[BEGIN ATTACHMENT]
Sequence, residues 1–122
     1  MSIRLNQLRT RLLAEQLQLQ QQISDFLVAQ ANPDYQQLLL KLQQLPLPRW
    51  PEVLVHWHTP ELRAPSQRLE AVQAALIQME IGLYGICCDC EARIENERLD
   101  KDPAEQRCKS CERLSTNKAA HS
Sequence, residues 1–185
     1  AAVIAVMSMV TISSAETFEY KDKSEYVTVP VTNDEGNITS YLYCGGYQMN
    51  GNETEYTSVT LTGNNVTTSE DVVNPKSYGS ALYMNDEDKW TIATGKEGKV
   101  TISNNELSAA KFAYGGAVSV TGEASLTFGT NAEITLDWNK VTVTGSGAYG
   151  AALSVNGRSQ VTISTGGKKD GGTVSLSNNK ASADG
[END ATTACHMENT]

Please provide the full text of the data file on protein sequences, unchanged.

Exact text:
Sequence, residues 1–122
     1  MSIRLNQLRT RLLAEQLQLQ QQISDFLVAQ ANPDYQQLLL KLQQLPLPRW
    51  PEVLVHWHTP ELRAPSQRLE AVQAALIQME IGLYGICCDC EARIENERLD
   101  KDPAEQRCKS CERLSTNKAA HS
Sequence, residues 1–185
     1  AAVIAVMSMV TISSAETFEY KDKSEYVTVP VTNDEGNITS YLYCGGYQMN
    51  GNETEYTSVT LTGNNVTTSE DVVNPKSYGS ALYMNDEDKW TIATGKEGKV
   101  TISNNELSAA KFAYGGAVSV TGEASLTFGT NAEITLDWNK VTVTGSGAYG
   151  AALSVNGRSQ VTISTGGKKD GGTVSLSNNK ASADG